The John Buscema artwork is still a pleasure to behold, but the story is a bit lame. “Lord Hawke” is actually retired college Professor Scott, Braddock family friend for whom Brian built a mechanical hawk when the last of his was killed off by pollution. Professor Scott then contacted a laid off munitions factory worker to install small missile launchers to the mechanical bird and went off to seek his revenge against society. There’s no way this villain should have taken five issue to defeat, even in short weekly installments. Midway through the story John Buscema was replaced by Ron Wilson inked by Bob Budiansky.

CBW #33-36:

These four issues, the last written by the Gary Friedrich / Larry Lieber team, retell the Captain’s origin with “EYKIW” elements thrown in for good measure. It turns out that the “old priest” and “young priestess” who granted Brian Braddock his powers are actually Merlin the magician and his daughter Roma. What’s more, Merlin is revealed to be “a star-born space traveler” who “journey(s) throughout galaxies, studying andaiding their countless life forms!”

I’m none too fond of this revelation but I have a possible explanation. “Merlin” tellsCaptain Britain that he “walked your Earth disguised as a mortal magician in the court of King Arthur!” I choose to interpret that, not as the alien masquerading as a mortal, per se, but as a specific mortal, namely the real Merlin. No doubt this EYKIW will be EYKIWed once again once Captain Britain becomes a regular guest star in the Black Knight’s strip and his origin is retold yet again, so I’m willing to let it pass with no further comment until I get to that point.

One thing I do like is that Captain Britain’s staff was completely redesigned as a “star scepter.” It’s not the staff itself I objected to, but rather the fact that it was continually described as being made of wood yet was drawn to look like machine-tooled metal, and also that it’s button-controlled functions (such as a force filed) were decidedly non-magical.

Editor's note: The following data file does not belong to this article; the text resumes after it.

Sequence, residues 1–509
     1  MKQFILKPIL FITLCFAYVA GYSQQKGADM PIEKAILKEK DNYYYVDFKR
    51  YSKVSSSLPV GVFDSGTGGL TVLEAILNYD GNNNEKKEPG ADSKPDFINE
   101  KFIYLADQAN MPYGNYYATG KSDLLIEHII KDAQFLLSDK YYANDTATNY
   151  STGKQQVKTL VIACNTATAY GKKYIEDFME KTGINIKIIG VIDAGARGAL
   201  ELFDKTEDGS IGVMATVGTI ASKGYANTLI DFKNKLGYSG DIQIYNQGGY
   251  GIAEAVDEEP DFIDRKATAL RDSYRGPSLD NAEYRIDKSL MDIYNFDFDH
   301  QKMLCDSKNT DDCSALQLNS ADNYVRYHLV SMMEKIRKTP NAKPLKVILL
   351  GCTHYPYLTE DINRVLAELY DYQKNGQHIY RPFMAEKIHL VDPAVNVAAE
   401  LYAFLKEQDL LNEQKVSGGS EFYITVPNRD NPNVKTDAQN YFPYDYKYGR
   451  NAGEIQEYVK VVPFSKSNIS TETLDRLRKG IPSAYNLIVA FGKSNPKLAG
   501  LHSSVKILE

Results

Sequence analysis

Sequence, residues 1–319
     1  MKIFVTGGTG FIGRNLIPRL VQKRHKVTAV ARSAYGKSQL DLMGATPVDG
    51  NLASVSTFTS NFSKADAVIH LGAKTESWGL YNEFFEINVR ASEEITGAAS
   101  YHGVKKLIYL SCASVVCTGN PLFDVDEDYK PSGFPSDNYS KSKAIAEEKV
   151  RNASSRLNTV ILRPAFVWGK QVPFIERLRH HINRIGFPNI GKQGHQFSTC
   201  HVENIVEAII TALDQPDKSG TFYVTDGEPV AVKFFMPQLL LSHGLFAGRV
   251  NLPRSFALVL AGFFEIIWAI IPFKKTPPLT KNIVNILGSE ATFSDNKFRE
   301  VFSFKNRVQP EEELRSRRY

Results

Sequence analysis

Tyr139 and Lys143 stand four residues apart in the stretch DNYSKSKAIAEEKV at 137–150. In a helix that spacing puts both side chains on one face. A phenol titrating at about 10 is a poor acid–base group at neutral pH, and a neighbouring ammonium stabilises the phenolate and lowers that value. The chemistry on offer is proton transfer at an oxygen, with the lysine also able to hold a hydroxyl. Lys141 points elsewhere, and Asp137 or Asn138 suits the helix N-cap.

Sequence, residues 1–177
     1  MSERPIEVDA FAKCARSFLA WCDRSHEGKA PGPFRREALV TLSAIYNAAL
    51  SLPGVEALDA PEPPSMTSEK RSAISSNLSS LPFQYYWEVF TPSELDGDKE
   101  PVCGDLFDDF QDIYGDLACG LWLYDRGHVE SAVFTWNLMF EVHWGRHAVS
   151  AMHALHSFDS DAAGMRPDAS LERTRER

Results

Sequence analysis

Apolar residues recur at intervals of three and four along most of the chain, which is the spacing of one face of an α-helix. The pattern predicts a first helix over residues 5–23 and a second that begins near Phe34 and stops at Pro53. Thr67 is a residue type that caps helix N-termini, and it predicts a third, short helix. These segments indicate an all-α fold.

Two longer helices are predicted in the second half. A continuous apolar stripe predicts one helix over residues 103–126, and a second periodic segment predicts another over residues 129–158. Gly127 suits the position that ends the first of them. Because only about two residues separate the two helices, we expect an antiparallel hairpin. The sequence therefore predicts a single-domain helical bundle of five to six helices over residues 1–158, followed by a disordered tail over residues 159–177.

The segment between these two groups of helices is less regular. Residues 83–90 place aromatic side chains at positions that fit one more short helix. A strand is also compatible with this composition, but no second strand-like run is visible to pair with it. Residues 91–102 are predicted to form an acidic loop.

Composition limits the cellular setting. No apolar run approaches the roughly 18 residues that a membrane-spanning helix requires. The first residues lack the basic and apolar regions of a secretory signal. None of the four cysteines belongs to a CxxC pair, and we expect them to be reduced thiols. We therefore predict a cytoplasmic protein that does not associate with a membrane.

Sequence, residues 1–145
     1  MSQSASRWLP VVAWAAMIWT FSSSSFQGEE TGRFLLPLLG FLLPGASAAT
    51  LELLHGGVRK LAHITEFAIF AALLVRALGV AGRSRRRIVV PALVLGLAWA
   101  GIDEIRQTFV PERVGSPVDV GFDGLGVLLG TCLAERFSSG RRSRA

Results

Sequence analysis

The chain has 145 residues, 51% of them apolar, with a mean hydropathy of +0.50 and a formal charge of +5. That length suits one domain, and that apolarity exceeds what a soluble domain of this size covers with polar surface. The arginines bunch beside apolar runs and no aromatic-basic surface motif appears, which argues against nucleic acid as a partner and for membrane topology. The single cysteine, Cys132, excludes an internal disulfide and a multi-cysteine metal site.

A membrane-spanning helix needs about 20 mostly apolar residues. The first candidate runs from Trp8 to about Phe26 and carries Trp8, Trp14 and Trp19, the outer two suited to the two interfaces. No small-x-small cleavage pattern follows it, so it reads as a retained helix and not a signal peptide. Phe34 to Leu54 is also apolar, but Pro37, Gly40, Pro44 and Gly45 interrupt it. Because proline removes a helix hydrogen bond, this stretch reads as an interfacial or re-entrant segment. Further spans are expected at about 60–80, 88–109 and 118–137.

CBW #37-39; SS-M&CB #321-232:

Ron Wilson remains as penciller with Pablo Marcos supplying inks, but things were shaken up on the writing side beginning with this run. Len Wein (!) writes issue #17 only, then former inker Bob Budiansky takes over on plot and Jim Lawrence is brought in on script. Midway through the story, presumably to take advantage of Spider-Man’s greater popularity, Captain Britain Weekly is cancelled and the story shifts to Super Spider-Man (now re-titled “…and Captain Britain).

The story is set against the Silver Jubilee anniversary of Queen Elizabeth II’s coronation. The villain is the motorcycle-riding manacled Highwayman and his boss the Manipulator, the deposed ruler of the African nation of Umbazi. The Manipulator’s real name is Basil Crushstone, perhaps why he uses a pseudonym in the first place. Crushstone was a petty tyrant in the first place, but when a mind-controlling gem was unearthed in an Umbazi diamond mine, he became even worse.

The Highwayman ingratiates himself in with the Royal Family and substitutes a ring with the mind control gem with one from the Queen’s own jewely collection, which is apparently on display for any and all to see. The highlight of the story is seeing a mind-controlled Queen Elizabeth personally commandeer the Royal Navy and lead it into battle against the nation of Umbazi.